Kafka says, “I am free and that is why I am lost.” In other words, the liberty many earnestly seek has unforeseen outcomes many decide to leave unnoticed, and man being so miserable in nature, he many a time can’t put up with a way of life so unconstrained that it leads him off-course and into sin. On the one hand, man is anxious because he’s frustrated by obligation, longing for relief; yet on the other, when released from his chains, he’s confused and wretched for a different reason – moving from one edge to another, he can’t determine where the congruous centre lies. Thus, he incessantly knocks around, swerving and getting lost in an attempt to find himself, even though he doesn’t know how himself looks like, which always leave him wandering around with a sense of poverty. His life becomes a heavy digression, for he starts to notice for himself that whether he is handcuffed or undone, he is still cursed by a feeling of discontent. When you furnish the damned with too much liberty, you don’t make them happier; only more miserable. A wretched can’t be on the loose, unconfined; you worsen his shape and heighten his misery. Don’t be so certain that freedom is a universal cure, for doing so is presuming that everyone bears enough composure to keep it under control and reap its benefits. This is not the case, and for most people, it grows into a shameful agency that loudens their decadence and further dilutes their already pitiful shape. Perhaps for the herd, subjugation is more worthwhile than liberty, and liberty more worthwhile to the anomaly who, by his righteousness and solidity, can wield his independence to serve not only himself, but those who stand in need of his influence.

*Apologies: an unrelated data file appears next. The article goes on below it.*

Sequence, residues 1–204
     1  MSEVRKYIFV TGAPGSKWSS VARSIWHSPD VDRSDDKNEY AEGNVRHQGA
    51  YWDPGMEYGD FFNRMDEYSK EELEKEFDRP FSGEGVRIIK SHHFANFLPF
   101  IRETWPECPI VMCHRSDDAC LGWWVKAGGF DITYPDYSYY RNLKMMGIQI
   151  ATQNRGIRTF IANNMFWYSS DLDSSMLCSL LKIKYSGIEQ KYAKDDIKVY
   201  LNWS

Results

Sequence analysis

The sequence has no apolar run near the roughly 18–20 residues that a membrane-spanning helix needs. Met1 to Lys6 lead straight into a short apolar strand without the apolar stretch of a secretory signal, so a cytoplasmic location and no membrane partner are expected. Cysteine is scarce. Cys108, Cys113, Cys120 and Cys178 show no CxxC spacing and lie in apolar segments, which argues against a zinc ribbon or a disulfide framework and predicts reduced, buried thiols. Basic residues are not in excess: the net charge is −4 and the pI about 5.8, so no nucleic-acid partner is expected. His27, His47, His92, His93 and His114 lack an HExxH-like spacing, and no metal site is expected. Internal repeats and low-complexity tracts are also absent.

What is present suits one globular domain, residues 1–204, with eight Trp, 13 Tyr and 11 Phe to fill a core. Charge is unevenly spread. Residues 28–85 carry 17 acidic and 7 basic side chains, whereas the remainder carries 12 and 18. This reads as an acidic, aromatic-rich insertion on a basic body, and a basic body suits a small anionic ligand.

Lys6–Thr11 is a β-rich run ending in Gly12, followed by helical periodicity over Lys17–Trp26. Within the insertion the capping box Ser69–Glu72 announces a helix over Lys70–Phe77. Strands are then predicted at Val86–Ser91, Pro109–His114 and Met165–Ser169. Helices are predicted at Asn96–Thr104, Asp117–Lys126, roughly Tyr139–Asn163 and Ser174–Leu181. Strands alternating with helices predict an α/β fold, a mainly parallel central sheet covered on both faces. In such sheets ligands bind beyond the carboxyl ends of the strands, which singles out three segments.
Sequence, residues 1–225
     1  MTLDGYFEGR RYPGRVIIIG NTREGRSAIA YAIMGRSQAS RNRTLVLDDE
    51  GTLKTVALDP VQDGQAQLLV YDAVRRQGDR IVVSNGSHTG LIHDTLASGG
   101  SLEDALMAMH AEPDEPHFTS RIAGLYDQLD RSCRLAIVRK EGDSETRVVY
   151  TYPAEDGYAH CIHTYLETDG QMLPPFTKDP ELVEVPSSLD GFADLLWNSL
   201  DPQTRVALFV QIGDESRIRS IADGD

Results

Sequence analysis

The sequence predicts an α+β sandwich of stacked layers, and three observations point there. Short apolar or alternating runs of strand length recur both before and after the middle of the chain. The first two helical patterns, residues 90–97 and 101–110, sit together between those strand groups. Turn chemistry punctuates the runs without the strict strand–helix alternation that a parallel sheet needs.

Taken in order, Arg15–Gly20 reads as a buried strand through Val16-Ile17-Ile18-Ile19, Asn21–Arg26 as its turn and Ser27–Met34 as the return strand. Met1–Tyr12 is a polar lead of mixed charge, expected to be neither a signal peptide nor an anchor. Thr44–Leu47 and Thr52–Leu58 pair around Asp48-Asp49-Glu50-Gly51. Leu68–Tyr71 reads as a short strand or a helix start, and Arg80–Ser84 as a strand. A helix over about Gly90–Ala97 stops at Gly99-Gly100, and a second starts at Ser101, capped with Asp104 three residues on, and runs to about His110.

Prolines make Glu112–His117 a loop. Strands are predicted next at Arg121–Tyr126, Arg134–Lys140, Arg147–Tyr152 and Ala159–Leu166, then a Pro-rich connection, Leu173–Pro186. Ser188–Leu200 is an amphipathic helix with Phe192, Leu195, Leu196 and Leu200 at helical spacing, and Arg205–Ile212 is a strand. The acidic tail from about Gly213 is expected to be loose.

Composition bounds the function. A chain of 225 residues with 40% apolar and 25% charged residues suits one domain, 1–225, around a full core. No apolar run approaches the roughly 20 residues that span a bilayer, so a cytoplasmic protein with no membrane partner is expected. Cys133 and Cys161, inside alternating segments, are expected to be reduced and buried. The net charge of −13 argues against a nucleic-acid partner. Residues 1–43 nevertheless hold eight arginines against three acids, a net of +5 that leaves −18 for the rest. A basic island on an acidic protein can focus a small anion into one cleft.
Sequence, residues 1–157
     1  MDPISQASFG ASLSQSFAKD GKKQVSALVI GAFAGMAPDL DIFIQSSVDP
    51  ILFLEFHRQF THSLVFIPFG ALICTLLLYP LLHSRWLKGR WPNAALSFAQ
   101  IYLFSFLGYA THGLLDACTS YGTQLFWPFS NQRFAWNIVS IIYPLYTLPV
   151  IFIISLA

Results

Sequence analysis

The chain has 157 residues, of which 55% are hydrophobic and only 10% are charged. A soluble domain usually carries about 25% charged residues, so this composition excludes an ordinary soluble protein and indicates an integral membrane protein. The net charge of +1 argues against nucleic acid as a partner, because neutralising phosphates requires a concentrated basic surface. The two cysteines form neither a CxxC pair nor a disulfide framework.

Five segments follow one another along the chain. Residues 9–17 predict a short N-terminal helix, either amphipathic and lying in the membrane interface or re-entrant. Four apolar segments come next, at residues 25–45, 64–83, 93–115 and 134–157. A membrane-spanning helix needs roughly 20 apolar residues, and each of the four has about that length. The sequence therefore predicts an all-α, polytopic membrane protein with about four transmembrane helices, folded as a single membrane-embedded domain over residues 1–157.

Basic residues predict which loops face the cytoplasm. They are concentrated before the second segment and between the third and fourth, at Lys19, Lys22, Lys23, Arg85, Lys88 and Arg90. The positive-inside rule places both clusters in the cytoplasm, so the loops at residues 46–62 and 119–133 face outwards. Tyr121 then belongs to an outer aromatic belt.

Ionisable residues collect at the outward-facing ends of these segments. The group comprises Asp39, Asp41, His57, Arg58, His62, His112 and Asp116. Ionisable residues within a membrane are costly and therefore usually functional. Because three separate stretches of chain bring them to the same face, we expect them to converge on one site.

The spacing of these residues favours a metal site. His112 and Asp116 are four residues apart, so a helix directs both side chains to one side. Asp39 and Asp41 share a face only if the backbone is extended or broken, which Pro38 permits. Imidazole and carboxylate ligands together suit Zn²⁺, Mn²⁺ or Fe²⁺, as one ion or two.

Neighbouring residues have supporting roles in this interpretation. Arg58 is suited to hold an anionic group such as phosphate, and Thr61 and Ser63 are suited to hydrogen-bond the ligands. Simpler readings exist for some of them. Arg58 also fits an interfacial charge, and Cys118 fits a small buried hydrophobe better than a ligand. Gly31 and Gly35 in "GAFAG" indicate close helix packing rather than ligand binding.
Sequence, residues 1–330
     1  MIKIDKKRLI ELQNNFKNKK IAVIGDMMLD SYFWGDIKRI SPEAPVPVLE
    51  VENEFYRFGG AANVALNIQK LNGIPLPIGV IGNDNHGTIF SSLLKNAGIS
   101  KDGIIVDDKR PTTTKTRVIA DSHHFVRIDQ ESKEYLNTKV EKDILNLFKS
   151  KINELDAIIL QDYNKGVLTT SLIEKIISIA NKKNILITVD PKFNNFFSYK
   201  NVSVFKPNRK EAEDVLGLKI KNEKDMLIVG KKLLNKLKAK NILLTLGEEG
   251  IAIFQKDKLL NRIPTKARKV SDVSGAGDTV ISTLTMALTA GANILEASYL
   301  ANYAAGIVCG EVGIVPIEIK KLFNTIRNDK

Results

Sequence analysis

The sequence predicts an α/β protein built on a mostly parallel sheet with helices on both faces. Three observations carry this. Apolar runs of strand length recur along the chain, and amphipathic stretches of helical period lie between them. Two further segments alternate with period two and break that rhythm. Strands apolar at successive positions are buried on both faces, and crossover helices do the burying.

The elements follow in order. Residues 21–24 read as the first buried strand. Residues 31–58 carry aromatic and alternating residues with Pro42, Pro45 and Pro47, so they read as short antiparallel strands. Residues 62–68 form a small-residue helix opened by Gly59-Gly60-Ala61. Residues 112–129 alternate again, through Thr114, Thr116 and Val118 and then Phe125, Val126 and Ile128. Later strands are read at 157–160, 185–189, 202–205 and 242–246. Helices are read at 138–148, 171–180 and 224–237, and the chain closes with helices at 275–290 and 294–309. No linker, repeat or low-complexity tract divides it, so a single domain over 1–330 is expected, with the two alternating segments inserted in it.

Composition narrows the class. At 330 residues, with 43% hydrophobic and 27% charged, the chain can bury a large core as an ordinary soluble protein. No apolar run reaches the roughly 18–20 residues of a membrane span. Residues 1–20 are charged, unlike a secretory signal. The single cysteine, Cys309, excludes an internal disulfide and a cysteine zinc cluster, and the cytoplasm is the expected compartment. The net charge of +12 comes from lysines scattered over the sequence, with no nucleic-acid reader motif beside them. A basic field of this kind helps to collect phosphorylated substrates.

Maybe your object should not be to keep a tight rein on your anxiety and desperately try to abolish it. The truth can be more subtle, in that you learn to capitulate your necessity to preside over it, and instead allow it to transpire as it may. Then your life is not one constant grapple with a feeling you can’t ever keep up with – then you can learn to play the witness who, among the confusion, can watch without drawing half-witted, baseless suppositions that determine his leading sentiment. Impressions come and go, but your perception does not. Adapt yourself in such a way that passing impressions don’t hold enough right to unsettle you. In my estimation, this is what good judgement is all about; accurately distinguishing the empty from the solid without reducing yourself to a poor bastard in the process. Often, it is that illusory sentiment of emptiness that arouses anxiety, for you are not absorbed in anything, distracted by copes. You are simply there, with yourself, and nothing else. That lack of content troubles you, because you remember that you have been running away from yourself, trying hard to keep yourself busy, so you leave behind your desolation and find some restfulness in the amnesia that comes from conscious interference. We are all perpetually interfering with ourselves to bury our disquiet and immerse ourselves with as much leisure as possible.